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Oct 13 – 18, 2014
Hotel Park Inn Pribaltiyskaya
Europe/Moscow timezone

Integrated Modeling of Tokamak Experiments with OMFIT

Oct 16, 2014, 2:00 PM
4h 45m
Green 8-9 (Hotel Park Inn Pribaltiyskaya)

Green 8-9

Hotel Park Inn Pribaltiyskaya

Saint Petersburg, Russian Federation
Poster Poster 6


Dr Orso Meneghini (Oak Ridge Associated Universities)


One Modeling Framework for Integrated Tasks (OMFIT) is a comprehensive integrated modeling framework developed to facilitate the interpretation of today experiments, enable theory validation, and support the design of next step devices. OMFIT is unique in its underlying data structure and grassroots approach. After only two years since the beginning of the project, the framework is now routinely used for frontline scientific research, and has an expanding collection of supported physics codes and workflows, which is driven by a growing number of users. OMFIT streamlined and increased the scientific throughput of a series of DIII-D experimental data analyses that are tedious, time-consuming, hard to track and error-prone if done manually. These include kinetic plasma equilibrium reconstruction, core and edge stability surveys, and critical-gradient transport studies. The effects on kinetic equilibrium reconstructions of using an exact neoclassical bootstrap current calculation or the approximate Sauter formula were evaluated. Magnetic flutter and neoclassical toroidal viscosity were shown to well describe the effect of resonant magnetic perturbations (RMPs) on edge transport and rotation. A neural-network approach was developed to perform nonlinear multivariate regression of transport fluxes as a function of local dimensionless plasma parameters, and showed excellent quantitative agreement with the DIII-D measurements. The numerical efficiency of the method makes it an ideal candidate for real-time transport simulations. Concerning predictive transport simulations, OMFIT made possible the design of a workflow that can efficiently find the self-consistent equilibrium and transport solutions by taking advantage of the time-scale separation between transport and current evolution. We found that the feedback between the transport fluxes and plasma equilibrium strongly affects the resulting kinetic profiles and can significantly improve the agreement with the experiments. This technique was validated on DIII-D data used to design baseline and advanced tokamak operational scenarios for both DIII-D and FNSF. Future work in this area of research will focus on including the EPED model in the workflow so to take into account the interplay between edge stability and core transport. Work supported in part by US DOE under DE-FG02-95ER54698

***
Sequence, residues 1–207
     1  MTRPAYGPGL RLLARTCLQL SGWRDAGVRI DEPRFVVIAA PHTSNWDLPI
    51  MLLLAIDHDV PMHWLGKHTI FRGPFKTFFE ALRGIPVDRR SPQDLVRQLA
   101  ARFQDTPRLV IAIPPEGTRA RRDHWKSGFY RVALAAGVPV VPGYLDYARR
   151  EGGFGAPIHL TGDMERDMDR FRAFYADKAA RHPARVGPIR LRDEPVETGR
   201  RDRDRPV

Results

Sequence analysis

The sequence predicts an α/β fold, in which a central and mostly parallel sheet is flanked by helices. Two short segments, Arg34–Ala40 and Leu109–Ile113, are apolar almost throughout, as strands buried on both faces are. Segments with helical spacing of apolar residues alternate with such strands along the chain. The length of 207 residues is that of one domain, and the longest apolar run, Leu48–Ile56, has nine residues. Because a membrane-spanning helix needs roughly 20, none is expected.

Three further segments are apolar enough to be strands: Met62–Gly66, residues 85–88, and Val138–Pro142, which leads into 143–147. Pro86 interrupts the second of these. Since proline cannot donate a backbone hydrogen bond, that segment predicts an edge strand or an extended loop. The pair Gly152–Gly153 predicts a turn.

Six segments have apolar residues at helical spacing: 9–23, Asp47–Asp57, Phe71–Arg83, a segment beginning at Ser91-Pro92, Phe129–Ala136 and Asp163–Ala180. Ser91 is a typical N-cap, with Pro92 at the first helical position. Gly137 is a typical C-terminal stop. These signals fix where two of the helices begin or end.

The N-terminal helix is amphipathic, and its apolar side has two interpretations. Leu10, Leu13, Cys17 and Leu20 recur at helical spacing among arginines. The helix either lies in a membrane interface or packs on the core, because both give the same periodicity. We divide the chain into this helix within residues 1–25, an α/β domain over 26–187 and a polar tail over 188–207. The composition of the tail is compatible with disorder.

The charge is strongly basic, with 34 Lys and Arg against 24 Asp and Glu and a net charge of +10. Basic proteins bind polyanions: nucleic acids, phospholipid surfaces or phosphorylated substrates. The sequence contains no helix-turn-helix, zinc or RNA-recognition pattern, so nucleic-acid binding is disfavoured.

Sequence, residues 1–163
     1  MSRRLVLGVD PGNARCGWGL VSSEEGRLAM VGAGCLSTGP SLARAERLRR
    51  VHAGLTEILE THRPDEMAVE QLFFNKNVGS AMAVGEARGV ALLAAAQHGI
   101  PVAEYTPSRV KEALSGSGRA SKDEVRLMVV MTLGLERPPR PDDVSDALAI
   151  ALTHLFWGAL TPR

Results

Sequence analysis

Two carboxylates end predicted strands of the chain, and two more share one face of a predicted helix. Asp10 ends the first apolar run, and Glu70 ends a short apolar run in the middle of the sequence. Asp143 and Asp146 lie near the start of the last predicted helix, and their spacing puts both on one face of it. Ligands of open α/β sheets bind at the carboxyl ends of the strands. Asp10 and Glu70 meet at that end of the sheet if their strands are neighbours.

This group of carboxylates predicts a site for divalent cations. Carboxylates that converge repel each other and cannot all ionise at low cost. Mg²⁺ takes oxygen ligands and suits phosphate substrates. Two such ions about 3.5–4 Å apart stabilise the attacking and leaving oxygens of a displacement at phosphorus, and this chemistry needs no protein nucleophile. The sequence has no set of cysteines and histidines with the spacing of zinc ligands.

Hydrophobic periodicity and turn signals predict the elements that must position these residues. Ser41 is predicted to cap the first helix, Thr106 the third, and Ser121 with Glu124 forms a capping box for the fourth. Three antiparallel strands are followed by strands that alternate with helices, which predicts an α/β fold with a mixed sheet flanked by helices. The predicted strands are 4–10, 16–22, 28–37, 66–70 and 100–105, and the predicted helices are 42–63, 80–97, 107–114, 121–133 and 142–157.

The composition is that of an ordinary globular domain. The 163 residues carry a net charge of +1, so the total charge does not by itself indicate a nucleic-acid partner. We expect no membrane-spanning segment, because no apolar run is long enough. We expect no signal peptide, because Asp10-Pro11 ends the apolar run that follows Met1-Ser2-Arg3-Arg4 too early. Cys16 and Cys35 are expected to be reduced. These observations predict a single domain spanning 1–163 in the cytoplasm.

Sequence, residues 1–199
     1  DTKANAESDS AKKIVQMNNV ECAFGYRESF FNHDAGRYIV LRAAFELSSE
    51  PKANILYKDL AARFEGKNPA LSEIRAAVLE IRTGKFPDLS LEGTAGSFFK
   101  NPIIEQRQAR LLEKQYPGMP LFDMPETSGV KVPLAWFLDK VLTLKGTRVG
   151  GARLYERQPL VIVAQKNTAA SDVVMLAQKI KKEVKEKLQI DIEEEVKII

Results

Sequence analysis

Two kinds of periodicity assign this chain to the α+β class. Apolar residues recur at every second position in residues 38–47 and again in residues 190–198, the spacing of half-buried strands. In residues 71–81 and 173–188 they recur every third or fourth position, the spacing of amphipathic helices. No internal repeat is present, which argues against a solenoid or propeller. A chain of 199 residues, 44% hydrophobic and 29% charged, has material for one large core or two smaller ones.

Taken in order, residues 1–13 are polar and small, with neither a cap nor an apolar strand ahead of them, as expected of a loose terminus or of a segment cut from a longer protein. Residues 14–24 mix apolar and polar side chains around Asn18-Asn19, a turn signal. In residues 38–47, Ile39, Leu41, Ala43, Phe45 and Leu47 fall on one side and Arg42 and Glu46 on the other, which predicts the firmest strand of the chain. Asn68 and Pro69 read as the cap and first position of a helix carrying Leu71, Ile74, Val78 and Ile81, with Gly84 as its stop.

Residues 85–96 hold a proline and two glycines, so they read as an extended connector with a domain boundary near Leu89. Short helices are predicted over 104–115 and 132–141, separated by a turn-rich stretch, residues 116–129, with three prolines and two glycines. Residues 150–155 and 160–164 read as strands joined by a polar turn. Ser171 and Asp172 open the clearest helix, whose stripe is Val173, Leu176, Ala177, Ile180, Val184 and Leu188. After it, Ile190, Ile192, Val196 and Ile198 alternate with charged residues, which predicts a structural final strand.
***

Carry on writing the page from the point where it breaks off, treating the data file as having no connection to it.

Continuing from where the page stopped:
Country or International Organisation USA
Paper Number TH/P6-11

Primary author

Dr Orso Meneghini (Oak Ridge Associated Universities)


Dr Alan Turnbull (General Atomics) Mr B.A. Grierson (Princeton Plasma Physics Laboratory) Dr Christopher Holland (University of California San Diego) Ms E. A. Belli (General Atomics) Dr Gary M. Staebler (General Atomics) Dr Gloria Falchetto (CEA) Dr Guoqiang Li (Institute of Plasma Physica, CAS) Dr Holger St John (General Atomics) Dr Jeff Candy (General Atomics) Dr Lang Lao (General Atomics) Dr Nathaniel M. Ferraro (General Atomics) Dr Oliver Izacard (University of California San Diego) Dr Philip B. Snyder (General Atomics) Dr Qilong Ren (Institute of Plasma Physics Chinese Academy) Dr Ron Prater (General Atomics) Dr Sterling Smith (General Atomics) Dr Tom Osborne (General Atomics) Dr Vincent S. Chan (General Atomics)

Presentation materials